This time around we kept straight on taking a longer route through Long Marston and down to join Greenway South. The 20 mile marker felt surprisingly good as I told myself it was just a 10k run to the finish, 10k’s nothing, I run it often, just not after 20 miles! What I didn’t anticipate was the ferocity of the sun by this time. I’d already topped my water bottle up once and by mile 21 had to stop to refill it again. There were very few running now, I think we were all Jeffing. Passing each other back and forth. I’d set my sights on a woman called Hannah who’d passed me earlier and was determined not to let her out of my sight, but as she edged out of view I knew I was fading.

Mile 22 was my wall. I’d text my husband to let him know how far I’d got and tried to remain positive but I felt beaten. Although there was only just over four miles to go it felt an impossible task. The gravel pathway seemed to keep rising along the horizon and there was little shelter from the sun. I could feel my shoulders sizzling and my head was aching. As for my legs, they didn’t even feel as though they belonged to me. At mile 23 there came relief by way of another bucket of sponges, cold water down the back of my neck gave me a boost and I pushed on. I took a photo of the mile 24 marker so my husband would know I was nearing the finish line. Normally the remaining distance would take me around 15 minutes but with my pace dropping to a staggering (literally) 11 minute mile it was going to drag. Along this last stretch was the official race photographer who called for me to look across and smile. Surprisingly I look remarkably fresh in the resulting photo – obviously wasn’t pushing hard enough!

The final stretch took us off the Greenway and back along a road before a sharp turn down a small track that lead to the recreation ground and finish line. I managed to maintain a steady jog now, every muscle in my legs ached and my toes were very sore but I wanted to run to the end. As the main field came into sight so did my husband who, after shouting encouragement while I plodded towards him then ran alongside me till we reached the final stretch. I was on my own running down to the finish, my name was announced and I was praised on my choice of leggings. Crossing that finish line was incredibly emotional. I’d imagined it over and over, from first applying through training and along the route that day. The finish line was hugely significant marking 5 years since my cancer diagnosis. My daughter and her fiancé held up a banner alongside my husband as I crossed the line. The medal was hung around my neck and I collected some water and a much needed banana.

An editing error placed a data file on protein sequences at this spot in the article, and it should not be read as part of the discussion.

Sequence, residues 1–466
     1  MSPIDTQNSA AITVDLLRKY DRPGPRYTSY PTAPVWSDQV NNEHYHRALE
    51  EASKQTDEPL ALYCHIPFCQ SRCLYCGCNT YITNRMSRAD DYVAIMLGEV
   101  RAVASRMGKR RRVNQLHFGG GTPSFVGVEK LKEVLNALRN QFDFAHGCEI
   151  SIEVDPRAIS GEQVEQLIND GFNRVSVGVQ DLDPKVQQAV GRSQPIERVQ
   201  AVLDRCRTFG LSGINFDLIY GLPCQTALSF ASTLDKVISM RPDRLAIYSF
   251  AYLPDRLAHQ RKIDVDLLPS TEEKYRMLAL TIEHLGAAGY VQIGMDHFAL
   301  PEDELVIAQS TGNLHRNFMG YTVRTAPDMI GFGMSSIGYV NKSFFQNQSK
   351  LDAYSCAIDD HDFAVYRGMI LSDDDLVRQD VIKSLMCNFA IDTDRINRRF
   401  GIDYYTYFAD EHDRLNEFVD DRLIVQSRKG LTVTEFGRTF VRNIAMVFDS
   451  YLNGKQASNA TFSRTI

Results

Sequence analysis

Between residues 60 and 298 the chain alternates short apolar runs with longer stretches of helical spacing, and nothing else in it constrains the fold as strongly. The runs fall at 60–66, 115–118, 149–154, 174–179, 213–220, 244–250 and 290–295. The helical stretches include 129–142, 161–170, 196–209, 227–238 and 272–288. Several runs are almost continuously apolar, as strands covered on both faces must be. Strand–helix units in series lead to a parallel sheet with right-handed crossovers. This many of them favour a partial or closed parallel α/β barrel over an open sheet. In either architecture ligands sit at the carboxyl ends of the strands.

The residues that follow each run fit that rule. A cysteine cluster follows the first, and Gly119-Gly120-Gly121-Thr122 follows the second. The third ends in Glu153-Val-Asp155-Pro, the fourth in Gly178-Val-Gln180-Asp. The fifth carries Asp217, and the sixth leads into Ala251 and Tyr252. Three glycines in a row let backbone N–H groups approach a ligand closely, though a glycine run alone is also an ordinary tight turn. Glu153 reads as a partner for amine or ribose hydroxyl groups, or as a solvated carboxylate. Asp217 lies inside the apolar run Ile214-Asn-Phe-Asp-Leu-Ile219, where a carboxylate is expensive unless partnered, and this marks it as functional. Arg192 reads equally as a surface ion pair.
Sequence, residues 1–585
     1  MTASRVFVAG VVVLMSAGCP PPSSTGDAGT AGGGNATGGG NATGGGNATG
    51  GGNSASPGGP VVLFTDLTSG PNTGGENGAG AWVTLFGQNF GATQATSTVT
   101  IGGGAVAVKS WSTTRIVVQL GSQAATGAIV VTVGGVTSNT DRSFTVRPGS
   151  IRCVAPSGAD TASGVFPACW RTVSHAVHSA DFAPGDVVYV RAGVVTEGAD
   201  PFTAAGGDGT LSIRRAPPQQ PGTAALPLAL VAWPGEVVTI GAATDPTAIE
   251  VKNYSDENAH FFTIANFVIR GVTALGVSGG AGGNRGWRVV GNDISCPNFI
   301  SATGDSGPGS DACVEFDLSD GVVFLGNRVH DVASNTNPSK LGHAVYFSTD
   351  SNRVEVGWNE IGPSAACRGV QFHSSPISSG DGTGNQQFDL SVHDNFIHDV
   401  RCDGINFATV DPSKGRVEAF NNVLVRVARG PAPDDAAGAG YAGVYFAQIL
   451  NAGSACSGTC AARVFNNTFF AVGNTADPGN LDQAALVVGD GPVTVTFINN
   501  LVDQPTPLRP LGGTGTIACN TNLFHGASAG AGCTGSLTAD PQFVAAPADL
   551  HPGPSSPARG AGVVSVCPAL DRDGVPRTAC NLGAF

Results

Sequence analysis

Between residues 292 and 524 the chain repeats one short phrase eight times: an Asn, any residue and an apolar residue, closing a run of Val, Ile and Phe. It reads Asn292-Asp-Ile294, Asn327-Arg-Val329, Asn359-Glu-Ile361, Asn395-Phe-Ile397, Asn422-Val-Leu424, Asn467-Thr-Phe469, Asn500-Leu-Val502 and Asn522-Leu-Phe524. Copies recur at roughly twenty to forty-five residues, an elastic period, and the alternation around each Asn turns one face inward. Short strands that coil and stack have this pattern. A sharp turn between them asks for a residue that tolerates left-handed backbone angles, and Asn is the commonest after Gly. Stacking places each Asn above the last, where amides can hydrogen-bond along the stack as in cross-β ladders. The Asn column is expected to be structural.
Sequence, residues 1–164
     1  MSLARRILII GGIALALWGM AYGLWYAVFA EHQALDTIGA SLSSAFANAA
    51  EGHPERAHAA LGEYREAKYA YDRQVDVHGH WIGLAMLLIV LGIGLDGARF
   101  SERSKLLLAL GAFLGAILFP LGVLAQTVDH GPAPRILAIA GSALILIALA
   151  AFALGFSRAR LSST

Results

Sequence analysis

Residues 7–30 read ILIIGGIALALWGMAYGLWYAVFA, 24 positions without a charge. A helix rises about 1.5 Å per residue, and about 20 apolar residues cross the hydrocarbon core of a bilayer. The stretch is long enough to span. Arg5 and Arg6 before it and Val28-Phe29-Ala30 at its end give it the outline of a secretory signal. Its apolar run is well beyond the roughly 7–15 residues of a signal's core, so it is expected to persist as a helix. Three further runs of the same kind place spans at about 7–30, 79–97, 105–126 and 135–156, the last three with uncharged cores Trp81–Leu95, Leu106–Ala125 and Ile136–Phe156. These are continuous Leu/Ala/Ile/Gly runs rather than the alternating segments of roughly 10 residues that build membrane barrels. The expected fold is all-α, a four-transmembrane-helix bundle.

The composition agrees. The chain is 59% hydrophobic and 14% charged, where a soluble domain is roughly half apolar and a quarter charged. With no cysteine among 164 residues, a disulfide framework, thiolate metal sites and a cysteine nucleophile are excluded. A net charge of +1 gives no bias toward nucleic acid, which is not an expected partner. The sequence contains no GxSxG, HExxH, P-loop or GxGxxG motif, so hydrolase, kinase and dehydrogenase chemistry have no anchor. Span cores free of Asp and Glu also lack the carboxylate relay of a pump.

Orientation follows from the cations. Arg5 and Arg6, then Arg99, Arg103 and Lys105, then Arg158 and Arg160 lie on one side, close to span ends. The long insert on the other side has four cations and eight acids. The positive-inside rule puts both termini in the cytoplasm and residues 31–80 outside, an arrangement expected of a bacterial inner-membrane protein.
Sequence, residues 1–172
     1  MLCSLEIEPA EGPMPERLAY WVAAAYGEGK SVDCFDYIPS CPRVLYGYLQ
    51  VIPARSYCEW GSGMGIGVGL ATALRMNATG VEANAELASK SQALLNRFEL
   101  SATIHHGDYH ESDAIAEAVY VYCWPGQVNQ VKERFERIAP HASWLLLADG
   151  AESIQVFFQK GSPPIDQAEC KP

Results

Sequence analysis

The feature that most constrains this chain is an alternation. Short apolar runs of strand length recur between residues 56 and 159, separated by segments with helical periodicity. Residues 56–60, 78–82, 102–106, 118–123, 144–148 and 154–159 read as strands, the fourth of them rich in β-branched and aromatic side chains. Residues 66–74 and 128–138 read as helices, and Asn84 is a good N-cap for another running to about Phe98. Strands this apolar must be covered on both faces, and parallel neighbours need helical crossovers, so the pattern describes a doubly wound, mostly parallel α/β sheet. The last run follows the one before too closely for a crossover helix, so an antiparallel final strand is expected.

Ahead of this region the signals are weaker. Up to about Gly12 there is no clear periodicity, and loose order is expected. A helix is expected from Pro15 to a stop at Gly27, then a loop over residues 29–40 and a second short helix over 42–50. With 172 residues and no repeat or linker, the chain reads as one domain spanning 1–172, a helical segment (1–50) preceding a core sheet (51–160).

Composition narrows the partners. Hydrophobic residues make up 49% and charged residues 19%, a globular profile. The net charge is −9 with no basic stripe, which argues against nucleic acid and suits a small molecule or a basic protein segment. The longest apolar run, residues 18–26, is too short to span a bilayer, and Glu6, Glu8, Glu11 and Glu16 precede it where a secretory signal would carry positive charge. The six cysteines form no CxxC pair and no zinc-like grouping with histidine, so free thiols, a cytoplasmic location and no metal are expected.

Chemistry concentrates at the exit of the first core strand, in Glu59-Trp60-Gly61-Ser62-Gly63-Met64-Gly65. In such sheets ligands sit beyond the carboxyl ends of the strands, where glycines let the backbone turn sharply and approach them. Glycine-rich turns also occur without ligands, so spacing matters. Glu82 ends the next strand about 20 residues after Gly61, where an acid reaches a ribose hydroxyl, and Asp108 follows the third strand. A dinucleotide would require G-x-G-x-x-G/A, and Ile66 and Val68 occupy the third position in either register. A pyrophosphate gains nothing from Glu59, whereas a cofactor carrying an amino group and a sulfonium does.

My tears came as soon as I met my family. It was such a huge achievement. I’d proved that a cancer diagnosis wouldn’t hold me back in any way. In fact I’d achieved far more in the past 5 years and was probably fitter now than ever. As for my time, 5 hours 15 minutes and 52 seconds. A far cry from my predicted 4.30-5 hours but a result I’m extremely proud of nonetheless. Things I learnt from running a marathon; there’s nothing wrong with jeffing, respect those hills, don’t forget your suncream, carry business cards – I’d have sold loads of my leggings and most important it’s tougher than you think. I said that this would be my one and only marathon and I stick to that statement. Many people have told me I’ll change my mind but I’m very sure I won’t. Long distance running is not for me. I ran a marathon for a specific reason, I trained thoroughly and ran it to the best of my ability. I chose Shakespeare Marathon because it was so well run with more than half the proceeds going to local charities. The marshals were all volunteers who along with the organisers made the race extra special. As I’m also writing a book it seemed the most apt marathon to enter and of course it’s a beautiful setting – I’d highly recommend it.

Thank you so much to everyone who has supported and sponsored my milestone race. To date I’ve raised over £1400 which will go to kidney cancer research and patient care via Kidney Cancer Support Network & Facing Up To Kidney Cancer. I am now a marathon runner and a cancer survivor.


Search By Tags
Follow Us
bottom of page